Feds crack down on police brutality nationwide

PORTLAND, Ore. - "They treated him like he was a piece of dirt," Jim Chasse said. "Just absolute from the get go."

Chasse's 42-year-old son James was out for a walk in downtown Portland, Oregon, in September 2006 when three police officers spotted what they later described as a "peculiar...dirty" young man.

Eyewitnesses say Chasse, who suffered from schizophrenia, appeared "frightened." And when he ran, they say, he was chased, knocked down and beaten by police.

Chasse told CBS News chief investigative correspondent Armen Keteyian that his son wouldn't hurt anyone. "This is a guy who couldn't lift 35 pounds," Chasse said. "And they say he was struggling."

Video shows Chasse being carried through the jail on his way to the hospital. He never made it. He died from "blunt force trauma to the chest." An autopsy found Chasse was tasered. His ribs were broken in 27 places.

Two officers involved received two week suspensions for failing to ensure Chasse received medical attention after being tasered. None of the officers involved was fired.

"These people are supposed to be peacekeepers when in fact they are raising all kinds of hell," Chasse said.

The Chasse family sued and received a $1.6 million settlement from the city, which admitted no wrongdoing.

But this father wasn't finished. He hired a lawyer to present evidence to the Justice Department that his son's death was part of a pattern of excessive force by the Portland Police Bureau.

A federal law enforcement source says the Chasse case is one of a significant number of incidents that has prompted the Justice Department to investigate police here in Portland for civil rights violations.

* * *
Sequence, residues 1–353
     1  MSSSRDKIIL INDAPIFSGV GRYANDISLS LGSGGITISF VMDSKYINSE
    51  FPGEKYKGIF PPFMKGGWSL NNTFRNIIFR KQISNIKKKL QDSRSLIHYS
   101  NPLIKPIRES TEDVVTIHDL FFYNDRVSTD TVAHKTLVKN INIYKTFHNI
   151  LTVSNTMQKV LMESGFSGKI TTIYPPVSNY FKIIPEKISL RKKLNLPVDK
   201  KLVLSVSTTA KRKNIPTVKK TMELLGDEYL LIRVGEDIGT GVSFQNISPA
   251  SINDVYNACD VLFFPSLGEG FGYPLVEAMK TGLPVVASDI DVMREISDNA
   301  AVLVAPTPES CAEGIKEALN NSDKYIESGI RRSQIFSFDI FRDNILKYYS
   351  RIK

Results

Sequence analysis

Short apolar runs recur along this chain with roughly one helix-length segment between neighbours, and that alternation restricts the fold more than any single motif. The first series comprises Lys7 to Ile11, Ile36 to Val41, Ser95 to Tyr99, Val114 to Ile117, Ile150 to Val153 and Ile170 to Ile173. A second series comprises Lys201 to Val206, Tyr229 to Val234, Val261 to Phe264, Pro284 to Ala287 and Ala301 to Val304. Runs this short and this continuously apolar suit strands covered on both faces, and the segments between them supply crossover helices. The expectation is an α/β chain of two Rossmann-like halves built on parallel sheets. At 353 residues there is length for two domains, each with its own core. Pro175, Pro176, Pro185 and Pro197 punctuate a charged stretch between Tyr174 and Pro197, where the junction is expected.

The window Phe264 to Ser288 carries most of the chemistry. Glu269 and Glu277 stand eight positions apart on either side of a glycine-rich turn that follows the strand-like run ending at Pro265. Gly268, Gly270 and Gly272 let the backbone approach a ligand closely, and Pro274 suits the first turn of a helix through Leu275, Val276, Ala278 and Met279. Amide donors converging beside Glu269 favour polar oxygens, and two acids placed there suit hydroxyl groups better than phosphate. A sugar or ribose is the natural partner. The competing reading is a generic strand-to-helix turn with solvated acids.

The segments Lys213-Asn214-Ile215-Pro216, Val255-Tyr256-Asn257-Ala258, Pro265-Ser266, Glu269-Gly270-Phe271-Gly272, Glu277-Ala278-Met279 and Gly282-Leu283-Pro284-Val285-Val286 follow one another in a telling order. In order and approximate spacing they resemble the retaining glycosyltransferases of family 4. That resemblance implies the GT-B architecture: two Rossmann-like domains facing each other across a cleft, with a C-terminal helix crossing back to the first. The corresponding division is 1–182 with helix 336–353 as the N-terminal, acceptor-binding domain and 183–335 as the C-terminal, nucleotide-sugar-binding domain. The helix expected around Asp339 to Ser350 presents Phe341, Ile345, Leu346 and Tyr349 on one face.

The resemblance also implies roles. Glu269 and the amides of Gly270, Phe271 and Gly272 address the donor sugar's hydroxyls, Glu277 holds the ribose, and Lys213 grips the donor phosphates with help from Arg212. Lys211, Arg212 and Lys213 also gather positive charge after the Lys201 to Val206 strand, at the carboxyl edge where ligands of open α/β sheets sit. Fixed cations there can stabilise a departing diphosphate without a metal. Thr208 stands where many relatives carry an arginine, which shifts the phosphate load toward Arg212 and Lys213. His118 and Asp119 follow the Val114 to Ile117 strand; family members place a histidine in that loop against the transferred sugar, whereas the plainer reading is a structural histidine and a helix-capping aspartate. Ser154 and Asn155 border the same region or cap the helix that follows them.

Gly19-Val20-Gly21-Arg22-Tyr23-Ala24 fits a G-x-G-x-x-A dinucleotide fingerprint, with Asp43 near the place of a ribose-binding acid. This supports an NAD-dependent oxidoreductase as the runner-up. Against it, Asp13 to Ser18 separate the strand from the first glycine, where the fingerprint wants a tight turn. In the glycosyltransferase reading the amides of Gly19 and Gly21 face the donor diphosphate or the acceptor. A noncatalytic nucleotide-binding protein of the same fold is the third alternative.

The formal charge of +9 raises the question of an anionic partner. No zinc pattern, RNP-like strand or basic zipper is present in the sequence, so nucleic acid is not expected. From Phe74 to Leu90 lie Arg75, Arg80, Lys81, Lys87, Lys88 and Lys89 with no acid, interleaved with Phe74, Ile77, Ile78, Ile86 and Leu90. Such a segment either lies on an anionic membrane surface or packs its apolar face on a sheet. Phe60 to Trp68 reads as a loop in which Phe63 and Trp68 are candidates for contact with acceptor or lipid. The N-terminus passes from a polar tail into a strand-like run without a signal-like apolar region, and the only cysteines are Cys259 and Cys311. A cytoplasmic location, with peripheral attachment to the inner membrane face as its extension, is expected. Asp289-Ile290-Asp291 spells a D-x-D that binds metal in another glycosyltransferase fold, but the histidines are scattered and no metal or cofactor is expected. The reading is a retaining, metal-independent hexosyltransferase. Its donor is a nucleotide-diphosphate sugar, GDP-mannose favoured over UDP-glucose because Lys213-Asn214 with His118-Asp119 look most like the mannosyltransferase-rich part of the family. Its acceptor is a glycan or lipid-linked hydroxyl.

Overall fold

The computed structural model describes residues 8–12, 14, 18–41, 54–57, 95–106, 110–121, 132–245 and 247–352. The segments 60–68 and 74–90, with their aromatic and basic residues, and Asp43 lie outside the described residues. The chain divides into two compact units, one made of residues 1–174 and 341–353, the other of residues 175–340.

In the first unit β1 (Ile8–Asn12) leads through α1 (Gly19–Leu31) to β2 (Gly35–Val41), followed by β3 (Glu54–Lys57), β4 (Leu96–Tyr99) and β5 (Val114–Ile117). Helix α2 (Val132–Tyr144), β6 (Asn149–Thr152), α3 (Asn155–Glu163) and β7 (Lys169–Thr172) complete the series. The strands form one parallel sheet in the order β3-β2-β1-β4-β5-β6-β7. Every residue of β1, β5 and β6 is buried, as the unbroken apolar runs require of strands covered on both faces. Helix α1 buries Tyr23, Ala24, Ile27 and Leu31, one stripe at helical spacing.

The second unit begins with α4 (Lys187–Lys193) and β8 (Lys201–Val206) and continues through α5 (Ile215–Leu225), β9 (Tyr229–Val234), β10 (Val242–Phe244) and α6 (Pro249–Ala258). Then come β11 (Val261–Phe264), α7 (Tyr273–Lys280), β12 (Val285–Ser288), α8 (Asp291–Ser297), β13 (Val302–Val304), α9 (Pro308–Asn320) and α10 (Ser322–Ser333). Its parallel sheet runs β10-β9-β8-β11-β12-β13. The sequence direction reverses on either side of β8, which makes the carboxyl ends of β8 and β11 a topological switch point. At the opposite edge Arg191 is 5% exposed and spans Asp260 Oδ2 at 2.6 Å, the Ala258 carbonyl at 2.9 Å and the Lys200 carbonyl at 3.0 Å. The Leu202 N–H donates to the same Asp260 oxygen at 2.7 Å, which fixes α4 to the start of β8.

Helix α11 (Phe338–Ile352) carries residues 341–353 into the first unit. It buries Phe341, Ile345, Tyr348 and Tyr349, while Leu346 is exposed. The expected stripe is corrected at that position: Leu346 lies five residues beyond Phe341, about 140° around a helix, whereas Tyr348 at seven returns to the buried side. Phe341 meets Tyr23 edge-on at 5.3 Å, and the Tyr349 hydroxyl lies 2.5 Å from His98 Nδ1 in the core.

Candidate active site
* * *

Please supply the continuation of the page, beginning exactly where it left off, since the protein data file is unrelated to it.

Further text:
WATCH: DOJ Launches Civil Rights investigation

Roy Austin, Deputy Assistant Attorney General for Civil Rights, said "The good officers know who the bad officers are. Everybody knows who the bad officers are."

CBS News has learned that Portland is just one of 20 police departments nationwide that the Justice Department has investigated for civil rights violations in the last year - more than any time in history. Among the allegations: In Newark, a rape. In Seattle, the fatal shooting of a homeless man. In New Orleans, another deadly shooting.

"What we have is a number of departments where the officers are not given the tools that they need to succeed," Austin said. "Meaning they don't have the training. They don't have the supervision. They're not held accountable."

Portland's current political leader, Mayor Sam Adams, told us he welcomed the federal oversight, calling the Chasse case "awful and tragic." He says the city has added new training for officers.

In a statement, Portland's Police Association said "We handle...often explosive situations fraught with risk, with professionalism and compassion."

Still, in the last 20 months there have been two more controversial police shootings - both fatal. Leaving Chasse with little faith in a force created to serve and protect.

"There is nothing I can do," Chasse said. "My son is dead."

CBS News has also learned there were 52 criminal civil right cases brought against law enforcement officers by the Department of Justice last year. That's the highest number of cases in a single year since they started keeping track back in 2000.

  • Armen Keteyian

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